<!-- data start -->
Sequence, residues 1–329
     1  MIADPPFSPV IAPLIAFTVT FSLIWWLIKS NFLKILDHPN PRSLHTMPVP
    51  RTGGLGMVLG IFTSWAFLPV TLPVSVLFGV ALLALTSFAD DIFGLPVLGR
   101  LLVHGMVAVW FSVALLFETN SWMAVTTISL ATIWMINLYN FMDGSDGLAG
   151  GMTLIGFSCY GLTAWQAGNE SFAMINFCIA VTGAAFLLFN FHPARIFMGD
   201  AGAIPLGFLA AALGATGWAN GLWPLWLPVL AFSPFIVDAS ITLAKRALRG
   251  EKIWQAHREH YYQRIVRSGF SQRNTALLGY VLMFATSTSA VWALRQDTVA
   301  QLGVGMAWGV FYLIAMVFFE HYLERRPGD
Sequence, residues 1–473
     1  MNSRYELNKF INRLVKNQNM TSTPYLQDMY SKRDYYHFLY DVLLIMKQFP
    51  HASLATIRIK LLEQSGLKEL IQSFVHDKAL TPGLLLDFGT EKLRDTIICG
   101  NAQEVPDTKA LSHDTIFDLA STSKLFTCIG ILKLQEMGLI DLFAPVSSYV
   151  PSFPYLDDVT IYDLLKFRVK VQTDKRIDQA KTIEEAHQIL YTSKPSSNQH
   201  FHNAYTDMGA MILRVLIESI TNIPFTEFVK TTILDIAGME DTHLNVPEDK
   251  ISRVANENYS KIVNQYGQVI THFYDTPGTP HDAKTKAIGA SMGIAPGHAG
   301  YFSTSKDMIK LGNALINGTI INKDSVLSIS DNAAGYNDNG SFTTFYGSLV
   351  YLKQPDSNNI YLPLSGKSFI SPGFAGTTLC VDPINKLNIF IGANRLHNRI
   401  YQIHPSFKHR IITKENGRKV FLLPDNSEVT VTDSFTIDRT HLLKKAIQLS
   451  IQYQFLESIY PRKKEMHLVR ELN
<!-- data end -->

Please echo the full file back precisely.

Sequence, residues 1–329
     1  MIADPPFSPV IAPLIAFTVT FSLIWWLIKS NFLKILDHPN PRSLHTMPVP
    51  RTGGLGMVLG IFTSWAFLPV TLPVSVLFGV ALLALTSFAD DIFGLPVLGR
   101  LLVHGMVAVW FSVALLFETN SWMAVTTISL ATIWMINLYN FMDGSDGLAG
   151  GMTLIGFSCY GLTAWQAGNE SFAMINFCIA VTGAAFLLFN FHPARIFMGD
   201  AGAIPLGFLA AALGATGWAN GLWPLWLPVL AFSPFIVDAS ITLAKRALRG
   251  EKIWQAHREH YYQRIVRSGF SQRNTALLGY VLMFATSTSA VWALRQDTVA
   301  QLGVGMAWGV FYLIAMVFFE HYLERRPGD
Sequence, residues 1–473
     1  MNSRYELNKF INRLVKNQNM TSTPYLQDMY SKRDYYHFLY DVLLIMKQFP
    51  HASLATIRIK LLEQSGLKEL IQSFVHDKAL TPGLLLDFGT EKLRDTIICG
   101  NAQEVPDTKA LSHDTIFDLA STSKLFTCIG ILKLQEMGLI DLFAPVSSYV
   151  PSFPYLDDVT IYDLLKFRVK VQTDKRIDQA KTIEEAHQIL YTSKPSSNQH
   201  FHNAYTDMGA MILRVLIESI TNIPFTEFVK TTILDIAGME DTHLNVPEDK
   251  ISRVANENYS KIVNQYGQVI THFYDTPGTP HDAKTKAIGA SMGIAPGHAG
   301  YFSTSKDMIK LGNALINGTI INKDSVLSIS DNAAGYNDNG SFTTFYGSLV
   351  YLKQPDSNNI YLPLSGKSFI SPGFAGTTLC VDPINKLNIF IGANRLHNRI
   401  YQIHPSFKHR IITKENGRKV FLLPDNSEVT VTDSFTIDRT HLLKKAIQLS
   451  IQYQFLESIY PRKKEMHLVR ELN